; Self evaluating evaluator, version 2
; Jens Axel Soegaard, oct 2002

(define first car)
(define second cadr)
(define third caddr)
(define rest cdr)

; Support code for fak-example
(define (plus a) (lambda (b) (+ a b)))
(define (mult a) (lambda (b) (* a b)))
(define (one? x) (= x 1))
(define (sub1 n) (- n 1))

(define fact '(lambda (f)
(lambda (n)
(cond
[(one? n) 1]
[#t ((mult n) ((f f) (sub1 n)))]))))

(define fact-code (list (list fact fact) 5))

; Conventions: n name, v value, r environment, e expression
(define code-jas-eval
'(lambda (ev)
(lambda (e)
(lambda (r)
(cond
[(symbol? e) (r e)]
[(not (pair? e)) e]
[(pair? e) (cond
[((ceq? (first e)) 'quote) (first (rest e))]
[((ceq? (first e)) 'cond)
(cond
[(((ev ev) (first (second e))) r) (((ev ev) (second (second e))) r)]
[#t (((ev ev) ((ccons 'cond) (rest (rest e)))) r)])]
[((ceq? (first e)) 'lambda) (lambda (x)
(((ev ev) (third e))
(lambda (n)
(cond
[((ceq? (first (second e))) n) x]
[#t (r n)]))))]
[#t ((((ev ev) (first e)) r)
(((ev ev) (second e)) r))])])))))

; setup initial environment;
; currying the primitives used in the evaluator
(define (ceq? a)
(lambda (b)
(eq? a b)))

(define (ccons a)
(lambda (b)
(cons a b)))

(define initial-env eval)

; use Scheme-eval to get jas-eval
(define jas-eval (eval code-jas-eval))
(define initial-env eval)

; use jas-eval to evaluate (fact 5)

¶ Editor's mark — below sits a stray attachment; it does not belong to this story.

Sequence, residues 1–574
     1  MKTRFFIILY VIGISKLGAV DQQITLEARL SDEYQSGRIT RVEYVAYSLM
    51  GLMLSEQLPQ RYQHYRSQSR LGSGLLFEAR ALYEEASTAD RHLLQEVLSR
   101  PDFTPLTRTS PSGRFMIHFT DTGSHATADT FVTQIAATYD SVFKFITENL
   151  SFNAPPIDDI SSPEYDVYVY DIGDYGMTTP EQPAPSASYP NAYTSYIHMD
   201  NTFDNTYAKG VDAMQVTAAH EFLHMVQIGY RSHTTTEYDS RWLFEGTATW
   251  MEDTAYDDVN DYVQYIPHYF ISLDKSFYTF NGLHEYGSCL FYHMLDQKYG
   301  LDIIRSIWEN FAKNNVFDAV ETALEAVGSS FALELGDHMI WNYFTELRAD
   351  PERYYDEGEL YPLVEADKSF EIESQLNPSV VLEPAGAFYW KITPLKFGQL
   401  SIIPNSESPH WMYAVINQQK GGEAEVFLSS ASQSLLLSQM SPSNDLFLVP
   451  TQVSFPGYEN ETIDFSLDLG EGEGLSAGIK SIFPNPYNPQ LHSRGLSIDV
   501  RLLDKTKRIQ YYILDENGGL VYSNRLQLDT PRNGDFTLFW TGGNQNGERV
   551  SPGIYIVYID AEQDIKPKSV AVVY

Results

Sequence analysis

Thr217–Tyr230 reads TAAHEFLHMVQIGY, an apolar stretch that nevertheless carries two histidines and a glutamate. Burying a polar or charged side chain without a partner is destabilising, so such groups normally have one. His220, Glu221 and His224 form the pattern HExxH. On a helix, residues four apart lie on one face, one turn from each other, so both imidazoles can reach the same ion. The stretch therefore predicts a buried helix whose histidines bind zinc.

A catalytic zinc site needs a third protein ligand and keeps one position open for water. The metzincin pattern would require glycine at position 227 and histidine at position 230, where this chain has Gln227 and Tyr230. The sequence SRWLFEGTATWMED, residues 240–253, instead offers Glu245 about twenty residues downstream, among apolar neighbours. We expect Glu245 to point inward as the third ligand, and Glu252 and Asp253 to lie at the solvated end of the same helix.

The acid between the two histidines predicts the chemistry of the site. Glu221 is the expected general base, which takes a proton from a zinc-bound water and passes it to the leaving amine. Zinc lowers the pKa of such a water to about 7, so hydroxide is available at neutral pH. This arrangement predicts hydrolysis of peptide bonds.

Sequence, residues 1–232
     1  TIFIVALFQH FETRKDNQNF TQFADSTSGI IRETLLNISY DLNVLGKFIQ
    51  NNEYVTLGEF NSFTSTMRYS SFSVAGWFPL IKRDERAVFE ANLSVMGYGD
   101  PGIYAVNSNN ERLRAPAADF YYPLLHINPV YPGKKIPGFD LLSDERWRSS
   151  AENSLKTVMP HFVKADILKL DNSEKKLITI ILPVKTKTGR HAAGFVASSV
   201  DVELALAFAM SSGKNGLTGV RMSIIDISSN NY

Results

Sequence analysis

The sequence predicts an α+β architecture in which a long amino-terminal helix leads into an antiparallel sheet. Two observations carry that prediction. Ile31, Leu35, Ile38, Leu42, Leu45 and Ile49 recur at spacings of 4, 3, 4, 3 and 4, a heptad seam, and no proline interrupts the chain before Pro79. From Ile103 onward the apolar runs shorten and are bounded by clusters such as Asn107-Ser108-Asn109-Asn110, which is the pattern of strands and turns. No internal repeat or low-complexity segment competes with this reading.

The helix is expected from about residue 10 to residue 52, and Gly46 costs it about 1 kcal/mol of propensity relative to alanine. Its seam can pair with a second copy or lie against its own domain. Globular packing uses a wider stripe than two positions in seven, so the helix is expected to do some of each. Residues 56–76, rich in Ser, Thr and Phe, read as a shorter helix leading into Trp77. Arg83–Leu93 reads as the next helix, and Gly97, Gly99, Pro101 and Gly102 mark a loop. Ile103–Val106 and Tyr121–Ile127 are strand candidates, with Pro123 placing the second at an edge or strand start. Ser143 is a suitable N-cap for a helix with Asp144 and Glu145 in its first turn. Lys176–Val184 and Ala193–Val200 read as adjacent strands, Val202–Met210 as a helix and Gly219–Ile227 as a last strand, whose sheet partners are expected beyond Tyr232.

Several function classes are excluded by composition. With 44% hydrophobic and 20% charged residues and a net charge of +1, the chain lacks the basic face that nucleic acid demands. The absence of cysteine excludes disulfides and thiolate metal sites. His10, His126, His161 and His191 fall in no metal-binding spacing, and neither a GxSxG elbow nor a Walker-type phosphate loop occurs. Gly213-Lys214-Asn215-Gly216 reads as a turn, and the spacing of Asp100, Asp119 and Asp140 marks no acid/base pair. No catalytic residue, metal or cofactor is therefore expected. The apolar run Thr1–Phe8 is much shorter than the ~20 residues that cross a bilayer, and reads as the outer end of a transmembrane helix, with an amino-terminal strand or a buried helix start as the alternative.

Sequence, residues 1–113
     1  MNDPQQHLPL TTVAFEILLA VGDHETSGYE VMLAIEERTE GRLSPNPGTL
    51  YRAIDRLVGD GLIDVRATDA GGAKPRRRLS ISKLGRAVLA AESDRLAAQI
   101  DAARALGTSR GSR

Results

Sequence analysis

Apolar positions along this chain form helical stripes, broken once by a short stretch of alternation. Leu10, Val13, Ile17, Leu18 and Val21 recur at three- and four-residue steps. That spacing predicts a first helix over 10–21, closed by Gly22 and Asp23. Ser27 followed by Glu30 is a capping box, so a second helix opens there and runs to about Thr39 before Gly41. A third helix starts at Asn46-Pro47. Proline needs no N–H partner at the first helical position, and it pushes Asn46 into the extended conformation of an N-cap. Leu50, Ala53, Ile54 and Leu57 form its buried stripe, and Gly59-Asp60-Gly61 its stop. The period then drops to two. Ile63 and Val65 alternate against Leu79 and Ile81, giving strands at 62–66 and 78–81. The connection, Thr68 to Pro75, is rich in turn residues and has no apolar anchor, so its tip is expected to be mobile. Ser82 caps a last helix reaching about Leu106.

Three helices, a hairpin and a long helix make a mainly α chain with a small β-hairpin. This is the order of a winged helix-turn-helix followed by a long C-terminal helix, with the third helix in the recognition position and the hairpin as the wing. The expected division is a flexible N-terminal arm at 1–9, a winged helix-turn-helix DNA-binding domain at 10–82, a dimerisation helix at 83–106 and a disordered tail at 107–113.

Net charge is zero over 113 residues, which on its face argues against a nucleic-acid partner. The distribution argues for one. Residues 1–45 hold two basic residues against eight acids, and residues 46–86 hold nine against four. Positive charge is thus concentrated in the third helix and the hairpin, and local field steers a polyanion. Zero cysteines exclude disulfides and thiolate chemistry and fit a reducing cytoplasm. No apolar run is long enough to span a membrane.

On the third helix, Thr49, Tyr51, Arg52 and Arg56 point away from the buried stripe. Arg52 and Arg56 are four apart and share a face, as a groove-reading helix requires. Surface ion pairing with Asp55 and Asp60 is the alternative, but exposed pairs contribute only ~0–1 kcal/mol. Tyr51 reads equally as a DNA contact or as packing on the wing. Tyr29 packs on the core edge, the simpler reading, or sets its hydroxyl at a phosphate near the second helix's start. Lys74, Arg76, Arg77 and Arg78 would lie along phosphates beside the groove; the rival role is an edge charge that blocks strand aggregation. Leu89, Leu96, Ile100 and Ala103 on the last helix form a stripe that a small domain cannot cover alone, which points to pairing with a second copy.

(define expression fact-code)
(time (((jas-eval jas-eval) expression) initial-env))

; use jas-eval to evaluate (jas-eval (fact 5) initial-env)
(define expression (list (list (list code-jas-eval code-jas-eval) (list 'quote fact-code)) initial-env))
;expression
(time (((jas-eval jas-eval) expression) initial-env))

; use jas-eval to evaluate (jas-eval (jas-eval (fact 5) initial-env))
(define expression (list (list (list code-jas-eval code-jas-eval) (list 'quote fact-code)) initial-env))
(define expression (list (list (list code-jas-eval code-jas-eval) (list 'quote expression)) initial-env))
;expression
(time (((jas-eval jas-eval) expression) initial-env))


; use jas-eval to evaluate (jas-eval (jas-eval (jas-eval (fact 5) initial-env)))
(define expression (list (list (list code-jas-eval code-jas-eval) (list 'quote fact-code)) initial-env))
(define expression (list (list (list code-jas-eval code-jas-eval) (list 'quote expression)) initial-env))
(define expression (list (list (list code-jas-eval code-jas-eval) (list 'quote expression)) initial-env))
;expression
(time (((jas-eval jas-eval) expression) initial-env))

1 Comments:

Anonymous Anonymous said...

Hi Jens,

I tried out your nifty self-evaluating evaluator and I got the following timing results:

cpu time: 0 real time: 0 gc time: 0
120
cpu time: 32 real time: 32 gc time: 0
120
cpu time: 1156 real time: 1156 gc time: 0
120

You'll notice I don't have a fourth time. Something was taking exponential time to complete, and I got worried that it was going to crash DrScheme before it reached and answer, so I stopped the test.

In the name of good sport, I'm going to post my core-form evaluator that is the result of an exercise in TSPL. I'll see if I can get it to run four levels deep and report the times. Mind you it's not my code, just my transformation to core form, so regardless, Dybvig will still take all the credit (or blame.)

Cheers.

--kyle

17:56